June 2010

Document Type


Degree Name



Oregon Health & Science University


There are three phylogenetic classes of cerebral cortex: archicortex (or hippocampus); neocortex (e.g. somatosensory and prefrontal cortex); and paleocortex, the cortex of the olfactory system. While archicortex and neocortex are among the most extensively studied brain regions, paleocortex has received comparatively little attention, particularly in the last two decades. As a result, physiological properties that are consider basic knowledge in other brain areas, such as distinguishing characterisitics of subregions and cell types, remain unknown in paleocortex. Interesting in its own right, paleocortex is also the evolutionary progenitor of neocortex. Therefore, insights into paleocortex have broad implications for cortical processing in general. Paleocortex has the technical advantages of its relatively simple layering and the compactness of the olfactory system. In this dissertation, I have sought to determine some of the basic physiological properties of the paleocortex, using whole-cell patch-clamp recordings in brain slices of juvenile mice. In Chapter 1, I developed a slice preparation containing several subregions of paleocortex, and used paired recordings to look at excitatory interactions across subregions. One subregion, the anterior olfactory cortex (AOC), had previously not been explored with whole-cell recording methods, so in Chapter 2, I characterized the intrinsic membrane and synaptic properties of pyramidal neurons in AOC. In chapter 3, I began to address the issue of cell types by characterizing the expression of 8 transgenic or knockin mouse lines. It is my hope that this dissertation will provide a foundation of tools and knowledge for further study of the paleocortex, as well as a few insights into its function.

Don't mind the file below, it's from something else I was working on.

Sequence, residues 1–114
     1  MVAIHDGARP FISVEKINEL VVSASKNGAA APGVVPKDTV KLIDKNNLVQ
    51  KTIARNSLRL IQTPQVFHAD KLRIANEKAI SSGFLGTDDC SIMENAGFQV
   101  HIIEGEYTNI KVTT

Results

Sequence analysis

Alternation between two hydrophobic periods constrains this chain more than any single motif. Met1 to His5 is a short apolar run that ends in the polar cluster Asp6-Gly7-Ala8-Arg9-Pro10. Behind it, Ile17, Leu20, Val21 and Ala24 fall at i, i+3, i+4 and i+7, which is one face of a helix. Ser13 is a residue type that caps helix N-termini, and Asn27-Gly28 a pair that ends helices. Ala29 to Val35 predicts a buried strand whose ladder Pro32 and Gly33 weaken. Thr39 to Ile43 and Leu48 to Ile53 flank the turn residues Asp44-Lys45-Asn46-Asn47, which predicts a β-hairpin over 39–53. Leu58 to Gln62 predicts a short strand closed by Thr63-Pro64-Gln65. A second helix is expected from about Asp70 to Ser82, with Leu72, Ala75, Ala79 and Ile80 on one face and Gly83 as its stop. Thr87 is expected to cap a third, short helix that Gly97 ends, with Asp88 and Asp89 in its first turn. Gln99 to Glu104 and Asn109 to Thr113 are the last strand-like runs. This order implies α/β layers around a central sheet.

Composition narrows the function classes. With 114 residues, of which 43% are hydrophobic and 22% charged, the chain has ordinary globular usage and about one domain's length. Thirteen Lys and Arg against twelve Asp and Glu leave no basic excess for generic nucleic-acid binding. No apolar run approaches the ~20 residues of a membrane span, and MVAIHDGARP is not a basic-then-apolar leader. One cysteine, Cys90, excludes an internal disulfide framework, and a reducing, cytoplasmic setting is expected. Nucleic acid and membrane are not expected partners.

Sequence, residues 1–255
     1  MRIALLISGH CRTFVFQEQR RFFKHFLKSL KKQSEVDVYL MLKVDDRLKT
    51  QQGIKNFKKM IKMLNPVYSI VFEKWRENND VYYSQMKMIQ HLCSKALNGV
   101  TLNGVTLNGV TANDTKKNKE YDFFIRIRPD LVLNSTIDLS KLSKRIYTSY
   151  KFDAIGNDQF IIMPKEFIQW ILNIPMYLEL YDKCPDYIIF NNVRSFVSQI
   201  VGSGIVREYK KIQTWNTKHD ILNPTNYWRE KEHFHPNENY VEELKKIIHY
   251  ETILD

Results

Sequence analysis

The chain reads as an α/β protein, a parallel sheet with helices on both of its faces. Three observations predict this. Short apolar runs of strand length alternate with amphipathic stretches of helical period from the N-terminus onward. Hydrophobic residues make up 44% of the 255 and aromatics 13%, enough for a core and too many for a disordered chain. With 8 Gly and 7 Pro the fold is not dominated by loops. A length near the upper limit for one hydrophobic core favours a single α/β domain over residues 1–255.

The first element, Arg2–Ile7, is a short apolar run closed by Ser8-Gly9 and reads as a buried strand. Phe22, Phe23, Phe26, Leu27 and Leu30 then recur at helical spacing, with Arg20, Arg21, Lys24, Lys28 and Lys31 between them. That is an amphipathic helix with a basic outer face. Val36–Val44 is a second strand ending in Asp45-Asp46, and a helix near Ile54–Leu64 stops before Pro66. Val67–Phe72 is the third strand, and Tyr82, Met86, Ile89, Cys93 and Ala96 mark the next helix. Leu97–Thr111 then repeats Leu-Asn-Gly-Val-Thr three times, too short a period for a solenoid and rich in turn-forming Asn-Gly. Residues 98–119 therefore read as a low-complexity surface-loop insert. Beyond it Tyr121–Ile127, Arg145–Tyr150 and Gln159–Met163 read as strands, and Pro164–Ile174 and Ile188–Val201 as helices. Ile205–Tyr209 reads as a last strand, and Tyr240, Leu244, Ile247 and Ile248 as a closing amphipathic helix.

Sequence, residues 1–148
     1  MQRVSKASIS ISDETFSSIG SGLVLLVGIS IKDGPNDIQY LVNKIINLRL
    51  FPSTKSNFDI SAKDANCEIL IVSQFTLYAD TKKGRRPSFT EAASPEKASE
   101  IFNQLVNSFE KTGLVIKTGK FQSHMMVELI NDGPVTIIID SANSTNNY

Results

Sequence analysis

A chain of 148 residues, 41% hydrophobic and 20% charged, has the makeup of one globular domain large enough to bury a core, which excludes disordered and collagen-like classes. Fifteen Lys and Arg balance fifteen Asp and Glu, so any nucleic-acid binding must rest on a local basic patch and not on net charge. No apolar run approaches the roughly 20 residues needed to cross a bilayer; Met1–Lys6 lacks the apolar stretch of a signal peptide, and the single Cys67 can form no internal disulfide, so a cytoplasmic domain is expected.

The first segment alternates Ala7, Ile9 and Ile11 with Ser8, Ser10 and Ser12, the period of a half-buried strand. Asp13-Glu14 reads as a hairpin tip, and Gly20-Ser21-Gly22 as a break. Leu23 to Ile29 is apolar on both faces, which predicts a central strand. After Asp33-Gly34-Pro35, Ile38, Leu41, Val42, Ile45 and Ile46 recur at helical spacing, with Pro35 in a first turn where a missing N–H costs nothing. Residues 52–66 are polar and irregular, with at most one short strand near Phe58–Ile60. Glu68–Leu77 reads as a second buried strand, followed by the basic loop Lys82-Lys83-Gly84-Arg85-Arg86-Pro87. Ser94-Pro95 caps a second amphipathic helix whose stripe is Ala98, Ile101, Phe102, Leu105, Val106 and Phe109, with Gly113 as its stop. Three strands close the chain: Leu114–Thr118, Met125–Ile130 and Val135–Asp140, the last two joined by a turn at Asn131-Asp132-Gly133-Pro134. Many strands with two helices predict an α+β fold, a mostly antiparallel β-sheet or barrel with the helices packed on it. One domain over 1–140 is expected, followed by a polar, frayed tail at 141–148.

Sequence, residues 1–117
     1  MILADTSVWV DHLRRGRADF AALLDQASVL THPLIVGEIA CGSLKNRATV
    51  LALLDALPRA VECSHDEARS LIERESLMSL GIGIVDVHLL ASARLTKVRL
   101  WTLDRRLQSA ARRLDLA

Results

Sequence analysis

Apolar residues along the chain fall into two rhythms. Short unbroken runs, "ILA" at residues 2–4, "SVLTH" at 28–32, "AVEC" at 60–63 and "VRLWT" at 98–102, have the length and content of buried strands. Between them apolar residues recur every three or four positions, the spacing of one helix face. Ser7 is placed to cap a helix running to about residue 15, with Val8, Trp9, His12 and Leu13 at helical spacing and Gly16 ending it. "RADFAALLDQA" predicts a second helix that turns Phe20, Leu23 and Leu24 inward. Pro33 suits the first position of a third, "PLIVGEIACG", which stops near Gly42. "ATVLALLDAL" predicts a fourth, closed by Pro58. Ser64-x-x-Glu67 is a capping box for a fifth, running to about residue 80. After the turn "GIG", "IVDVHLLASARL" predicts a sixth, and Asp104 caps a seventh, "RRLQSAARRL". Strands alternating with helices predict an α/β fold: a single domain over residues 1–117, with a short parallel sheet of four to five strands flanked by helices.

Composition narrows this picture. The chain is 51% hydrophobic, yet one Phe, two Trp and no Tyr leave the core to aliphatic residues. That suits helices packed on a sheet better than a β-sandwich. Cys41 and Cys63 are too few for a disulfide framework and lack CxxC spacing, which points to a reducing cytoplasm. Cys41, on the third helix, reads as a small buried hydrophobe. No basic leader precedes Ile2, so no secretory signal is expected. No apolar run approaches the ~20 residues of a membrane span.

Neuroscience Graduate Program


School of Medicine



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